Understanding Climate Change’s Ground Zero

Mark Dwortzan | MIT JPSPGC
July 21, 2017

Study highlights need to improve modeling of carbon-rich Northern Eurasia.

Read this story at MIT Joint Program on the Science and Policy of Global Change

Spanning Eastern Europe, Scandinavia, the former Soviet Union and Northern China, Northern Eurasia is a bellwether for the future of climate change. Having undergone the fastest rate of climate change in the human-populated world in the past few decades, the region has endured dramatic natural disturbances and significantly altered its land-management practices. And that may be just the beginning. Home to about 70 percent of the planet’s boreal forest and more than 66 percent of its permafrost, Northern Eurasia is the world’s largest land-based storehouse of atmospheric carbon dioxide, a major greenhouse gas responsible for global warming. Higher average temperatures and increased wildfires in the region due to global warming could lead to significant releases of its sequestered carbon, further boosting global average temperatures and intensifying the severity of climate impacts across the planet.

To better understand the long-term impacts of climatic, environmental and socioeconomic changes on Northern Eurasia and how these impacts may affect the rest of the world, a team of researchers from multiple institutions in the U.S., Russia and Germany recently assessed the state of global change modeling for the region. A key finding was that a significant number of past studies focused on Northern Eurasia’s land system, without reference to interactions with the oceans, atmosphere and cryosphere—or to the planet as a whole.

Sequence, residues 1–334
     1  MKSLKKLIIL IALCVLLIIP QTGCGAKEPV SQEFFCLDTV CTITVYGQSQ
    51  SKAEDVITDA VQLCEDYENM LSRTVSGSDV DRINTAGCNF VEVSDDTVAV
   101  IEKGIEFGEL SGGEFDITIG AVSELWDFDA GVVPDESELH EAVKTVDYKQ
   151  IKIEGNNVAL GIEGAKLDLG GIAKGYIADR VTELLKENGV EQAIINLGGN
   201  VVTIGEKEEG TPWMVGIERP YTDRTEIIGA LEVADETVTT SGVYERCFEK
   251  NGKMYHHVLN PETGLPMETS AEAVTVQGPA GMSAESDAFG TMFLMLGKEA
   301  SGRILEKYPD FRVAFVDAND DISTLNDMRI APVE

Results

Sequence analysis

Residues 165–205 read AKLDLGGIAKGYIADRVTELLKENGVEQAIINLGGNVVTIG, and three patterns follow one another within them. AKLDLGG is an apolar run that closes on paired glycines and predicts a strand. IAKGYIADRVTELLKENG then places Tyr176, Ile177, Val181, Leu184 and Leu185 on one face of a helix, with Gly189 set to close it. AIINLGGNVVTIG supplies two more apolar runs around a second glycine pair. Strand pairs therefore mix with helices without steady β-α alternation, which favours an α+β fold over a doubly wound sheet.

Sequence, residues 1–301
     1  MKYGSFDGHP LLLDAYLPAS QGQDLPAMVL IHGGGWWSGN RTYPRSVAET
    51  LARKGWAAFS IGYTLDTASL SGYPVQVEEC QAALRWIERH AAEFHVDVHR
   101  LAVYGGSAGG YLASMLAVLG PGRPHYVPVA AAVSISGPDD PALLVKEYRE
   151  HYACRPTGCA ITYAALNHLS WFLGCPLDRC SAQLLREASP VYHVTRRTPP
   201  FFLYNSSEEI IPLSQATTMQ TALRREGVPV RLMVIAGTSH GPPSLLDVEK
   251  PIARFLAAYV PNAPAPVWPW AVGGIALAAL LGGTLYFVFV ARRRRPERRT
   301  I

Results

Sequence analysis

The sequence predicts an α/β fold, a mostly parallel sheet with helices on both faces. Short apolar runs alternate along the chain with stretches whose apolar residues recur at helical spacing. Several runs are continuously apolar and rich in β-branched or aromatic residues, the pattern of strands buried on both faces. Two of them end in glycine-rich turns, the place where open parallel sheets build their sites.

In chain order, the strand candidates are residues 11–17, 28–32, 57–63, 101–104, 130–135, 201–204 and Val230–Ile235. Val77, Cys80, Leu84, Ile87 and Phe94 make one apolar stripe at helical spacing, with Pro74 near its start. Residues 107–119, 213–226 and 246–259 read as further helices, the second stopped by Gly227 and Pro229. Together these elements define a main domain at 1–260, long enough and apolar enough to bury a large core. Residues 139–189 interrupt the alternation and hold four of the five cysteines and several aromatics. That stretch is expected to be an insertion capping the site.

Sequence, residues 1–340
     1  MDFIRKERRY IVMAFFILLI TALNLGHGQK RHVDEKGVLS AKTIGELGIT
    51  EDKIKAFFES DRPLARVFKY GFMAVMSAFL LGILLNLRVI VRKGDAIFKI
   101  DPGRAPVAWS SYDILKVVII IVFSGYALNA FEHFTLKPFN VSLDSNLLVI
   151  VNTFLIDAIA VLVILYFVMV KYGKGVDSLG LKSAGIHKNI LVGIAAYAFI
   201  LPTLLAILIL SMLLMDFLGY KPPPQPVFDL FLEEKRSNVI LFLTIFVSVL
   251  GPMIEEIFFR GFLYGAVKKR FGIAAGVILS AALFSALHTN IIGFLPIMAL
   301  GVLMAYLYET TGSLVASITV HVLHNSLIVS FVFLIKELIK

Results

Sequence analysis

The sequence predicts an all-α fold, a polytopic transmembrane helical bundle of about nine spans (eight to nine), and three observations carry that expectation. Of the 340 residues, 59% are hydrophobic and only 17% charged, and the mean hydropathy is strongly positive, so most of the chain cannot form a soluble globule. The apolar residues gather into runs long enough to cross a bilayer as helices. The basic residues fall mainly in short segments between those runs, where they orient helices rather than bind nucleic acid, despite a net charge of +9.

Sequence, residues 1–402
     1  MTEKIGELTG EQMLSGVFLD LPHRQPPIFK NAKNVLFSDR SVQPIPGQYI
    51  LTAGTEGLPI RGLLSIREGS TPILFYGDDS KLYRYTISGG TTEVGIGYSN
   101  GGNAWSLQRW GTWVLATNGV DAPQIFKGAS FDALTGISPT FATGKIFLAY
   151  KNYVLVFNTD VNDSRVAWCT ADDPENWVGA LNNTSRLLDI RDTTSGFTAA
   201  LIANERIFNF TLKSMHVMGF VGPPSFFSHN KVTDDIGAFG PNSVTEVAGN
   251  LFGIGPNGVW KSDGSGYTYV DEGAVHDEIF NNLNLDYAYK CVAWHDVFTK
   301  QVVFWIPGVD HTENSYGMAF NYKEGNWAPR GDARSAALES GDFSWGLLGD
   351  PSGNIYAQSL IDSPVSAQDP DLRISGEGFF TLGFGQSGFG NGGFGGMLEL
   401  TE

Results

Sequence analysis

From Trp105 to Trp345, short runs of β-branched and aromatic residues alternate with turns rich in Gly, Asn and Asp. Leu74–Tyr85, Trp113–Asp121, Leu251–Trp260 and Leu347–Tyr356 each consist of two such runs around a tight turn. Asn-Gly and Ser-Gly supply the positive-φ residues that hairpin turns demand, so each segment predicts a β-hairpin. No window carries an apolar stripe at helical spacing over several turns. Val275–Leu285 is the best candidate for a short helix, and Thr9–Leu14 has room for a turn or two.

“Because the land is only one aspect of the Earth system, it is difficult to study that single component without looking at the whole system,” says MIT Joint Program Principal Research Scientist Erwan Monier, lead author of the study, which appears in Environmental Research Letters. “We need to have modeling frameworks that look at the rest of the world to understand the role of Northern Eurasia on the whole Earth and vice versa.”

For example, a study evaluating how climate change impacts forest productivity over Northern Eurasia is of limited value unless it reflects feedbacks and interactions with other components of the Earth system (e.g., the quality of soil, the damaging effects of atmospheric ozone, and the impact of wildfires)—and identifies how changes in forest productivity in the region would impact the rest of the world.

To produce more useful results, the researchers suggest that modelers start relying on Earth system models, which have the capability to represent interactions and feedbacks among components of the Earth system and among regions. The most valuable information, they say, will come from integrated assessment models (IAMs), which provide better representation of how humans directly interact with different components of the Earth system, including impacts of an evolving global economy and human population.

“In the end, we hope to see an increased use of coupled human-Earth system models that provide detailed representation of human and Earth systems,” says Monier. Among the needed improvements are better representations of permafrost, air pollution sources, Arctic sea ice, and land and water management practices in the region. “We hope the research community will realize that we need models like the IGSM [the MIT Global System Modeling framework] but with further development to address issues unique to Northern Eurasia.”

Because the region is experiencing the most intense climatic and environmental changes to date among the world’s populated areas, improved models can help researchers better project not only climate impacts in Northern Eurasia and beyond, but also identify best practices in climate adaptation and land use.

Funded by NASA, the National Science Foundation, and research agencies in Russia and France, the study was organized by the Northern Eurasia Earth Science Partnership Initiative (NEESPI), which for the past two decades has engaged more than 750 scientists from the U.S., Russia, China, Japan and the European Union in 172 projects in studying the region and its global impact. NEESPI is now transitioning to the Northern Eurasia Future Initiative (NEFI), which aims to support the sustainable development of the region.

Story Image: Ice floes. September, 2006. Arctic Ocean, north of western Russia. Photographer: Mike Dunn, NC State Museum of Natural Sciences. (Credit: NOAA Climate Program Office, NABOS 2006 Expedition)